These materials were created by Marcela Chiorescu and Rachel Epstein for MATH 1113 with the support of the Affordable Learning Georgia Textbook Transformation Grant #449, “Improving Equity in Precalculus".
These materials include:
and class materials:
In-class worksheets
Extra in-class activities
Study skills assignments
Written homework assignments
How to use the worksheets
The worksheets were designed to be used in class, in place of standard lecture notes. The idea for using the worksheets is to divide the students into small groups of around 4 students and have the groups work in-class on the worksheets while the professor and any Supplemental Instructors (SI’s) help out. It is up to the professor to decide which parts of the worksheet they want the students to work on in groups and which parts to discuss together. The vast majority of the material is designed for students to do in groups. Usually, at the beginning of the class, the professor would briefly discuss the material from the previous class and/or introduce the new material.
One way to help encourage active and equitable participation in groups is to give students daily “team roles.” For example:
Board scribe – writes on the white board provided for the group
Paper scribe – writes on the “group worksheet,” which will be turned in at the end of the day so the professor can assess the work. Group worksheets are not graded.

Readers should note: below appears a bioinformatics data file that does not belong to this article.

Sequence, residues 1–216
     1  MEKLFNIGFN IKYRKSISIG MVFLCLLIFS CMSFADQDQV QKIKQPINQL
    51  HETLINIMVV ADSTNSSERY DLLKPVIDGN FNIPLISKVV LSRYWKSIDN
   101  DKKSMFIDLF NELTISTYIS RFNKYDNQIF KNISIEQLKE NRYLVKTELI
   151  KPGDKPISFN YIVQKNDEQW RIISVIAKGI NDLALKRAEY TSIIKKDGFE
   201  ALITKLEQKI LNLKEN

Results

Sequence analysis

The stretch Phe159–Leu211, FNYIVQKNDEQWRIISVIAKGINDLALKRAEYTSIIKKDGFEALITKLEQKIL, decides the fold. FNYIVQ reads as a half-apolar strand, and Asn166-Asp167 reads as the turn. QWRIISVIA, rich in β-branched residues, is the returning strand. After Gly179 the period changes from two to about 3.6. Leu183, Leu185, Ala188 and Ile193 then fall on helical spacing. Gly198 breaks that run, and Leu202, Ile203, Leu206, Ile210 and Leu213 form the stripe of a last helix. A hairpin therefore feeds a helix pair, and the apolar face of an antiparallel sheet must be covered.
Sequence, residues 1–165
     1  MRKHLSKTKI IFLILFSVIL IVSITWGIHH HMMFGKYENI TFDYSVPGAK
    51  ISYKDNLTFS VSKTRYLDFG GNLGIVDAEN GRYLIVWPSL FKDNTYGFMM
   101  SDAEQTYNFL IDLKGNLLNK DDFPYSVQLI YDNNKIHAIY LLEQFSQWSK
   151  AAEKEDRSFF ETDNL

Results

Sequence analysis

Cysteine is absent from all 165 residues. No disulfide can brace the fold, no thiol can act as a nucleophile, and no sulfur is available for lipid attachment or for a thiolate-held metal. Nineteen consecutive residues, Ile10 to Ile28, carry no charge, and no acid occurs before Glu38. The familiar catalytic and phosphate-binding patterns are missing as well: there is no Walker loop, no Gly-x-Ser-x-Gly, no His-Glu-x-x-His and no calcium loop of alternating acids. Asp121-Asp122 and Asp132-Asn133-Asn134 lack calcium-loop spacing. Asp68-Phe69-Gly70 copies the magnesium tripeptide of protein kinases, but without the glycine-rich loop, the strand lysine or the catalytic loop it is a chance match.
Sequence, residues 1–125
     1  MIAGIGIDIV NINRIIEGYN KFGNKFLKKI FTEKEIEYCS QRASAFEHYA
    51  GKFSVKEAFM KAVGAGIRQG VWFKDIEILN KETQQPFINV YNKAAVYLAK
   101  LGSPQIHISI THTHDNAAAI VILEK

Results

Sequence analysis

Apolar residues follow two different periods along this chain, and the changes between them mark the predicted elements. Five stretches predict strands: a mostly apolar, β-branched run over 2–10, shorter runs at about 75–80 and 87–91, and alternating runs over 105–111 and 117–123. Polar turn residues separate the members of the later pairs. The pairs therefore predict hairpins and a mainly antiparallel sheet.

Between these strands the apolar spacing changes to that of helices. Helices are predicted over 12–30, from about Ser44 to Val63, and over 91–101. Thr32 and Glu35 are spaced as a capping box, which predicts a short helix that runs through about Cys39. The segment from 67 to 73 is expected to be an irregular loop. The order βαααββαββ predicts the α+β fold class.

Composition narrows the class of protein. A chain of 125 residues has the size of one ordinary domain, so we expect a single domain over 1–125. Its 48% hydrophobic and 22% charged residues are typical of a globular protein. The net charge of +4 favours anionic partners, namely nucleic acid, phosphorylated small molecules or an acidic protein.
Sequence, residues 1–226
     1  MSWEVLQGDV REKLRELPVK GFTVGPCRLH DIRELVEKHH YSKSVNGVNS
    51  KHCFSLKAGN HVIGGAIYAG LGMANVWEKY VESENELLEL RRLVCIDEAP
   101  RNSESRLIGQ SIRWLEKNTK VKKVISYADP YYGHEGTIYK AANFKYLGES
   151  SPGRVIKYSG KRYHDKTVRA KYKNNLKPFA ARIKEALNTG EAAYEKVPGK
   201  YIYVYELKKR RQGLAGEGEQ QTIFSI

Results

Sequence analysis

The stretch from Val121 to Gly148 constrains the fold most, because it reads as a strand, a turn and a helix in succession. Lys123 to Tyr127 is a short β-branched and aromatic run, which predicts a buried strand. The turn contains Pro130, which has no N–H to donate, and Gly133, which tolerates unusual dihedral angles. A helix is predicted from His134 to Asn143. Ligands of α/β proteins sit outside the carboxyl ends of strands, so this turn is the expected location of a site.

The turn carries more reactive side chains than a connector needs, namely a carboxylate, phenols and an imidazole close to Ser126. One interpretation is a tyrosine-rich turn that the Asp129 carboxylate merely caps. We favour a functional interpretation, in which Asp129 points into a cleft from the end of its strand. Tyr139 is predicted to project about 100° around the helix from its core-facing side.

Reader/spokesperson – reads the worksheets aloud. They also answer questions directed at their group.
Facilitator – sets the pace and makes sure everyone understands before moving on.
It is important to also make it clear to the students that they are all responsible for discussing the problems together.
Extra in-class activities
The “Preview Activities” can be done at the beginning of the semester and helps the students to think about graphing a real-world situation. It can be discussed as an example when learning about functions, composition, one-to-one functions, and inverses.
The “What is a Function” activity is a very brief activity that asks students to define a function before they learn it in class. The “What is a Function Really” homework assignment asks them to critique and revise a definition given by one of their friends or family members, but you could also have them critique and revise their own definition from the “What is a Function” activity.
The “Ferris Wheel Activity” introduces the idea of a sinusoidal function, but can be done before sine and cosine are defined.
The “Sun Moon Earth” activity involves a simple use of trigonometry to determine that the sun is much further from the Earth than the moon is.
These activities could be turned into homework assignments if there is no time in class to do them.
Written Homework
There are four written homework assignments. These are designed to help the students think critically about what they have learned. Each has been designed with transparency in mind. The Log Table assignment and the Earth’s Radius assignment each incorporate some history of mathematics. Students will likely struggle with these assignments, as they require that they use what they have learned in ways they have not yet done. They will also need to explain their reasoning.
The written homework assignments are not intended as the only homework assignments. One way to provide them practice with the material is to assign online homework, such as through Edfinity, Rover, or WebWork.
Study Skills Assignments
The study skills assignments are designed to be given as homework toward the beginning of the semester. The mindset assignment introduces the students to the concept of growth mindset through a series of short videos and asks the students to write about what they learned. The other two assignments ask the students to watch videos about good and bad study habits by Dr. Stephen Chew of Samford University and to reflect on their own study habits and the idea of metacognition.